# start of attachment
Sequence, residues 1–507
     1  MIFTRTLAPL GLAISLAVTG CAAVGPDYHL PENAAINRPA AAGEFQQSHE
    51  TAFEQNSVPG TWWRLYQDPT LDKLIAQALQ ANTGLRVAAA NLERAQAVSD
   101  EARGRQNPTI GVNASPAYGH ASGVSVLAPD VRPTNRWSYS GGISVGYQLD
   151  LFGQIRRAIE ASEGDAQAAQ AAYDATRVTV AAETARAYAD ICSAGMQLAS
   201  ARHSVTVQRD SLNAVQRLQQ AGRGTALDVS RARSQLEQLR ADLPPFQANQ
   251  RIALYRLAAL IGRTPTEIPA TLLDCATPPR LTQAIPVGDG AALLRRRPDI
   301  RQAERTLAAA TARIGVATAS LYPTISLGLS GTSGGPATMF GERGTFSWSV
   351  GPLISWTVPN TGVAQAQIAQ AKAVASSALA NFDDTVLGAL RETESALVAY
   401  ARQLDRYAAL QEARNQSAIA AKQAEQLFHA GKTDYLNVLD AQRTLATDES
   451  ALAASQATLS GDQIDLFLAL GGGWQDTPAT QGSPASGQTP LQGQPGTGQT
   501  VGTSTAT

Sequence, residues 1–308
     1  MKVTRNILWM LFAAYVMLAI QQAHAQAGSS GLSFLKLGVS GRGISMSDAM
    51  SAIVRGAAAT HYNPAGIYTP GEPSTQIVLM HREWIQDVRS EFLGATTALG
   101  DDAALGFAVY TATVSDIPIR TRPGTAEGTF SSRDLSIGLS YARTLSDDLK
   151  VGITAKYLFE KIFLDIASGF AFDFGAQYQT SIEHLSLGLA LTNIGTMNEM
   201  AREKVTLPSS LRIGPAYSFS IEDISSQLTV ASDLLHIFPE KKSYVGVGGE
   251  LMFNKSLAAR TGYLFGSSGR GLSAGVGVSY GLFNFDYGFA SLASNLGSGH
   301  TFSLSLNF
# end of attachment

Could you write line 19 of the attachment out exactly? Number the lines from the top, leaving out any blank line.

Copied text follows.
   251  LMFNKSLAAR TGYLFGSSGR GLSAGVGVSY GLFNFDYGFA SLASNLGSGH